As indicated above, real-time media conferencing such as that described in the preceding section can be employed to provide an instant-connect service, such as PTT service for instance. FIG. 3 illustrates an exemplary wireless communication system 50 in which such a service could be provided. It should be understood, however, that PTT or other instant-connect service could be provided in other arrangements as well, whether wireless and/or landline.

Exemplary wireless communication system 50 includes a number of mobile stations, such as mobile stations 52 and 54 for instance. Each mobile station (MS) can be linked by a radio access network with an IP network 56. As shown by way of example, MS 52 is linked by a first radio access network 58 with the IP network, and MS 54 is linked by a second radio access network 60 with the IP network. Alternatively, both MS 52 and MS 54 can be linked with the IP network by a common radio access network. Other alternatives are possible as well.

Each radio access network provides wireless connectivity with the IP network and can take any of a variety of forms. By way of example, radio access network 58 may include a base transceiver station (BTS) 62 that can communicate with MS 52 over an air interface 64. BTS 62 may then be coupled with a base station controller (BSC) 66, which may in turn be coupled with a mobile switching center (MSC) 68 and with a packet data serving node (PDSN) 70 or other gateway to the IP network 56. (At times, a BTS and BSC in combination may be referred to as a “base station.”) Similarly, radio access network 60 may include a BTS 72 that can communicate with MS 54 over an air interface 74. BTS 72 may then be coupled with a BSC 76, which may in turn be coupled with an MSC 78 and with a PDSN 80 or other gateway to the IP network 56.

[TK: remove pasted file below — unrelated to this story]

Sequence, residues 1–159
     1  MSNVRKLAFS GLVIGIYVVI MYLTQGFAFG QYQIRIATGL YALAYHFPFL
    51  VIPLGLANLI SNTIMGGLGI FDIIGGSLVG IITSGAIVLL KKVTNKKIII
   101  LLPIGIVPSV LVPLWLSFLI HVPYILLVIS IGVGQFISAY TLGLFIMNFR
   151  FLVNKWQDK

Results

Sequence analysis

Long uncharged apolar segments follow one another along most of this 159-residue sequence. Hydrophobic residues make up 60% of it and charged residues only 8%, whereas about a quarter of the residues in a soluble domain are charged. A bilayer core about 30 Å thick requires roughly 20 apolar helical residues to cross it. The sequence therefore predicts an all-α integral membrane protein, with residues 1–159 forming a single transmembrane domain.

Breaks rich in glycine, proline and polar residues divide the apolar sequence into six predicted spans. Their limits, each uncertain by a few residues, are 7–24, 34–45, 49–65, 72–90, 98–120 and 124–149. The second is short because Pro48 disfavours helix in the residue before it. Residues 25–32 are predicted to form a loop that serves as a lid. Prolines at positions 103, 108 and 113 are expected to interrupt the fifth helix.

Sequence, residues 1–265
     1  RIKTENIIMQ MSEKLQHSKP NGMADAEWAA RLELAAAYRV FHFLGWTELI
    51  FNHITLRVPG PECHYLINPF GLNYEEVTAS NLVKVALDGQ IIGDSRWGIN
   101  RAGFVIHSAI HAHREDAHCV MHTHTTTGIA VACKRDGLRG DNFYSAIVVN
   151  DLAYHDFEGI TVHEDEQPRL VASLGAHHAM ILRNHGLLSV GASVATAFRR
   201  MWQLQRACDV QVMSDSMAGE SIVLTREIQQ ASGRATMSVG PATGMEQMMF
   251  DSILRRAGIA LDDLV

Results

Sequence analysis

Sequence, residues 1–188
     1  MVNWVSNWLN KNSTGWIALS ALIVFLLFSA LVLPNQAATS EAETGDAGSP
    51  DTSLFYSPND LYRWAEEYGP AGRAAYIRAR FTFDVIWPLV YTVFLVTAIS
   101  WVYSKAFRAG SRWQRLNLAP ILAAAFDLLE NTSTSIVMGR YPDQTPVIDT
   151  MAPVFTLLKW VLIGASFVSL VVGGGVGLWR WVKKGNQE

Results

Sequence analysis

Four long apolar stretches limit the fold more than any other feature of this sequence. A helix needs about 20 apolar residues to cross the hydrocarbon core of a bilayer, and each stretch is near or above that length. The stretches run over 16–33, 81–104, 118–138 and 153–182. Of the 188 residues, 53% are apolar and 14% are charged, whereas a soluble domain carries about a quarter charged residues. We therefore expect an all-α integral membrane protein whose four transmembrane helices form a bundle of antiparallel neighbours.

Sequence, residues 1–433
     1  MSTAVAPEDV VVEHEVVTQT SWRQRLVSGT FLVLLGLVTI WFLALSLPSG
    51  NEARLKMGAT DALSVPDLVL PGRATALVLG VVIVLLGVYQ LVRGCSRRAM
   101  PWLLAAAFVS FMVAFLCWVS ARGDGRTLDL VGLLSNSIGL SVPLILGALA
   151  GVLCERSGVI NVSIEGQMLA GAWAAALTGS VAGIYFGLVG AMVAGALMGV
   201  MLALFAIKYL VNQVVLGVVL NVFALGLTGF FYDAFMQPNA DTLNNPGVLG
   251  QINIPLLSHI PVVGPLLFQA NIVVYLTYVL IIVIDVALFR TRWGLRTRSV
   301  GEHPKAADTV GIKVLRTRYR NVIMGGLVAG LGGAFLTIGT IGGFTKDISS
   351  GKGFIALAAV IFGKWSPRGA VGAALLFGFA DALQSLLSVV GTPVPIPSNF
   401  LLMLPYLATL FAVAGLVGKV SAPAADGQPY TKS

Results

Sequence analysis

As another example, either or both of the radio access networks could comprise a base station that itself functions as a gateway with the IP network, without use of a PDSN or other gateway to the network. And as another example, MS 52 and MS 54 could communicate at least in part via a common radio access network, such as through a common PDSN, a common BSC and/or a common BTS. Other examples are also possible.

As a general matter, in order for a mobile station such as mobile station 52 or 54 to engage in packet-based media conferencing, it would need to acquire both a radio link layer connection with its radio access network and a data link layer connection with the IP network 56. The manner in which the mobile station acquires these connections might vary depending on the protocol used for communication over the air interface. In the exemplary embodiment, for instance, each air interface may be a code division multiple access (CDMA) air interface, and communications between each mobile station and the radio access network may comply with an industry standard such as cdma2000, which is published by the 3rd Generation Partnership Project 2. However, the air interface could follow other protocols as well, such as TDMA, GSM or 802.11x for instance.